Bursting the Britax Bubble

Many people who deal with parents and car seats hear a lot about Britax.  It is recommended as the ‘safest’ seat out there by word of mouth among parents at the playground and in the daycare parking lot.

Picture courtesy adventureplayground.org.uk

So what’s the big deal?

It goes like this.  Once upon a time, most infant seats kept your baby rear facing until 20lbs.

And they were all white and pastel too!

When they outgrew that, they went forward facing.  No matter how old they were.  Then they sat in a forward facing seat until they were 40lbs.

You could use these seats rear facing as well, but most didn't. They also had the 20lbs weight limit for a long time.

Again, no matter how old they were.  Then they sat in a booster for a couple of years and often were sitting in just the seatbelt by 6 or 7.

Except, then there was Britax.  Britax had convertibles that rear faced longer!  The shells were taller!  You could use the harness longer!  And the slots were taller!   It would last your child to a safe age both rear facing and forward facing.  Why wouldn’t you buy one if you could without bankrupting your family?

Here I come to save the day!

So child passenger safety experts got in the habit of recommending these seats.  As an added bonus, they came in fun patterns.  And they were super duper easy to install, with little neat things like built in seat belt lock offs and unique UAS clips.

You tighten each side individually, and they slide on a bar. It's very unique.

However in the mid 2000’s, other companies started to catch up to the lead Britax had.  At the time Britax rear faced to 30lbs.  Many other companies met that goal, and a few exceeded it before Britax made it to 35lbs (The Cosco Scenera, the Sunshine Kids Radian, The First Year’s TrueFit).  Britax harnessed to 65lbs, and then many other seats followed.

The First Years True Fit was the first seat to break the 30lbs barrier in 2009. (There had been seats in the early 2000s that went to 35lbs, but there had been nothing in several years)

They were still very easy to install, they still came in cute patterns, but they weren’t really the only long lasting seats on the market anymore.  Over the next few years, starting with Sunshine Kids, most of the other companies began to blow Britax out of the water.  40-45lbs rear facing.  18” top slots.  And best of all, prices that were $50-$100-$150 less than what Britax was charging.

In 2010, Britax again tried to catch up with the pack.  Their newly designed convertibles went to 40lbs rear facing, and 65lbs forward facing (CDN version).  They are still very easy to install.  They are still very comfortable for the child and they still come in fun patterns.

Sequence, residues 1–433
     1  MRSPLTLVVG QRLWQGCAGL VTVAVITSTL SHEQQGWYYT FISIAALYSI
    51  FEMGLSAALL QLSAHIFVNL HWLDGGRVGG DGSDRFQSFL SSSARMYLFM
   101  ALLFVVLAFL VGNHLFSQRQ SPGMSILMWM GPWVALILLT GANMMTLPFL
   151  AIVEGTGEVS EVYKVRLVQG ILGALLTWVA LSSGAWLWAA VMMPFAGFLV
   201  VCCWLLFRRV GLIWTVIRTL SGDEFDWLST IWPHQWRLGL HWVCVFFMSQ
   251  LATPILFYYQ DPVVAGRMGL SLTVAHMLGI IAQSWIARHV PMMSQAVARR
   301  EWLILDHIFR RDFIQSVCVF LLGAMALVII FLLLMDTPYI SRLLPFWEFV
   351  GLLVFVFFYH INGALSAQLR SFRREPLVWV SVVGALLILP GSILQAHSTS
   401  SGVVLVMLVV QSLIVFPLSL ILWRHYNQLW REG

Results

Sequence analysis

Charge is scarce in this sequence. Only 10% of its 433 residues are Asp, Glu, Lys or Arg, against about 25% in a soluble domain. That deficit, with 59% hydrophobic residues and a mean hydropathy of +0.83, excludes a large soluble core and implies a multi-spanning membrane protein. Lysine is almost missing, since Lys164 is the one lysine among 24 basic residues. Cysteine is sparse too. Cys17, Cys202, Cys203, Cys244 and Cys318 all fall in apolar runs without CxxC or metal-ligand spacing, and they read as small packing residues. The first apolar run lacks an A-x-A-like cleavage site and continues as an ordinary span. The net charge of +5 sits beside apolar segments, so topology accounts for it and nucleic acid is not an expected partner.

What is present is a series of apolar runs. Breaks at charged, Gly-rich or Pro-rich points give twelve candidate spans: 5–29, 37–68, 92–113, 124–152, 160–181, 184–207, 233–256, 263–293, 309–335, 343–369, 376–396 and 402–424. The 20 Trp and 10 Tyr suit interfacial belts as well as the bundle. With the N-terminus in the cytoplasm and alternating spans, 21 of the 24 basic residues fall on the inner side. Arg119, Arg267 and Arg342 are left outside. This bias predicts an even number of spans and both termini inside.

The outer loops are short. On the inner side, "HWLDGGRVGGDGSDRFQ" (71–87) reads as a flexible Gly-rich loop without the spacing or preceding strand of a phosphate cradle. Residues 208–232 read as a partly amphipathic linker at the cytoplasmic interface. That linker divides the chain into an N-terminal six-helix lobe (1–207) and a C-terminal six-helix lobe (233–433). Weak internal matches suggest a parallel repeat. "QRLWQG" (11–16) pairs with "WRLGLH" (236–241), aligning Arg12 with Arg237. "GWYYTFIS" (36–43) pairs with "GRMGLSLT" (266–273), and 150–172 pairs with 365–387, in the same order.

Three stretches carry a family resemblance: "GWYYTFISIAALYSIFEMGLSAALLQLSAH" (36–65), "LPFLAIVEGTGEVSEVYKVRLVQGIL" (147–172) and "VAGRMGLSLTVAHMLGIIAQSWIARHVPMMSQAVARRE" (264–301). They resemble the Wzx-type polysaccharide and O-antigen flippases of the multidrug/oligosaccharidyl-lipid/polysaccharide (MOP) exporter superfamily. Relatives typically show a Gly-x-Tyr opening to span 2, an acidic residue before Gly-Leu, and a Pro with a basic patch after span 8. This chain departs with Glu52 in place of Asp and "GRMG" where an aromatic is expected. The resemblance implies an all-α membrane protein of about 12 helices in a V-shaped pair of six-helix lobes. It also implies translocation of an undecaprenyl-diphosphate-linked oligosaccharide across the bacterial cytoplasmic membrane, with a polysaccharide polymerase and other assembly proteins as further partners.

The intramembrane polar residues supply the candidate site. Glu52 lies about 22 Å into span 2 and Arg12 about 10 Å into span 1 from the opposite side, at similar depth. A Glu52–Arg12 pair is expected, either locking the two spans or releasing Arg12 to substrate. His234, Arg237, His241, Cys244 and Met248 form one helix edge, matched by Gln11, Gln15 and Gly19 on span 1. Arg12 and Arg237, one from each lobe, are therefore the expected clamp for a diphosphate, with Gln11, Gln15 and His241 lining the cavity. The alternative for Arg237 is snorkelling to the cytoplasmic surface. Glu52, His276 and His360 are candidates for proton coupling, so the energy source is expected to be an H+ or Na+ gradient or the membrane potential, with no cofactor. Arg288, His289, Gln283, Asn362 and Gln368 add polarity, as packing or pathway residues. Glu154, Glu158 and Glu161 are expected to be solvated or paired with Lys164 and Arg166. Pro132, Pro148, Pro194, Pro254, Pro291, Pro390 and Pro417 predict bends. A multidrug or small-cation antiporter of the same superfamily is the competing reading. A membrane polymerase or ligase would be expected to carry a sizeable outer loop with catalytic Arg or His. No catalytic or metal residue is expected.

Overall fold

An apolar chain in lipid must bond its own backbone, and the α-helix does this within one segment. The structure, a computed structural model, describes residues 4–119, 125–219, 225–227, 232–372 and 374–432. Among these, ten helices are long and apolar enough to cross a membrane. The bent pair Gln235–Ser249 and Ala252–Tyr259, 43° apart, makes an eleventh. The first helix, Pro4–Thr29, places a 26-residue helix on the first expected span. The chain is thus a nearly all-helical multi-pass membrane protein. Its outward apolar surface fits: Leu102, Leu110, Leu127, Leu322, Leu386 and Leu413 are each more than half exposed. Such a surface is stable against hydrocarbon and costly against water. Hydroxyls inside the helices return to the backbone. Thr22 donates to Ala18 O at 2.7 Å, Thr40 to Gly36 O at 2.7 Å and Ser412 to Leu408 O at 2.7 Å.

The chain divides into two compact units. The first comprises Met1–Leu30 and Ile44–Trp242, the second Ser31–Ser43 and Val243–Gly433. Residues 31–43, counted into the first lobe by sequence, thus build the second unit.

Redesigned, and new patterns!

Other seats still exceed them in some areas, for example, Britax seats don’t have as much leg room as some others for a rear facing toddler and the slots aren’t as high as some others for a forward facing pre-schooler.

So while the word still goes around the playground, most up-to-date techs no longer recommend Britax over all other seats.  This doesn’t mean that the seats are unsafe or ‘less’ than they used to be.  It just means that with the advent of seats like the Graco MyRide, the Safety 1st Complete Air, and the Diono Radian, Britax has enough competition to no longer be impressive just because they are Britax.

Britax’s current line are very nice safe seats.  They cost an average of $300.  They have plush fabrics and are for the most part easy to use and have desirable features.  However, they still will not prevent injury in a crash unless they are used correctly.

The other reason that some techs no longer recommend Britax is due to a phenomenon called ‘The Britax Bubble’.  It goes like this.

“Oh, I know the harness should be tighter, but oh well.  He’s in a Britax.”

“Yeah, I thought we should keep her rear facing, but it was such a pain, so we bought a Britax”

“Yes, I know that it was previously in a crash and is now expired, but I can’t afford a new one, and I KNOW he’s safer in a Britax”

My Britax will keep me safe, even if the straps won't keep me in the seat!

See what I mean?

Comments like these and many many more show that some parents haven’t really thought through what their seat is capable of.  No matter how much you paid for it, no car seat will jump up and save your child if you use it incorrectly.  Britax seats often make it easy to use them correctly, and techs encourage parents everywhere to take advantage of those features.

In the end, if a Britax seat is in your budget and has the features that you’ve been looking for they are nice seats.

If a Britax does not easily fit your budget, or isn’t exactly what you need?  Don’t feel guilty for looking elsewhere.  All seats in Canada test to the exact same standard.  It’s a pass or fail test, and if it’s on the shelves, it has passed.  All those safety claims are just that, claims.  We don’t actually know if side airbags, or extra foam or wings will help in a crash – those kind of features aren’t looked at when a seat passes the CMVSS 213.

Wings and airbags!

What we are advocating here is this:  Have a car seat, follow the instructions, install and use it correctly every time.  Know your child is safe on every ride no matter how much you paid for your seat.

About Atlantic Car Seat Safety

We are two Children's Restraint Systems Technicians who live in the Halifax area and volunteer through the IWK's Child Safety Link. We aim to answer questions and provide support as well as posting recalls, updates, reviews and how-tos.
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11 Responses to Bursting the Britax Bubble

  1. Diana says: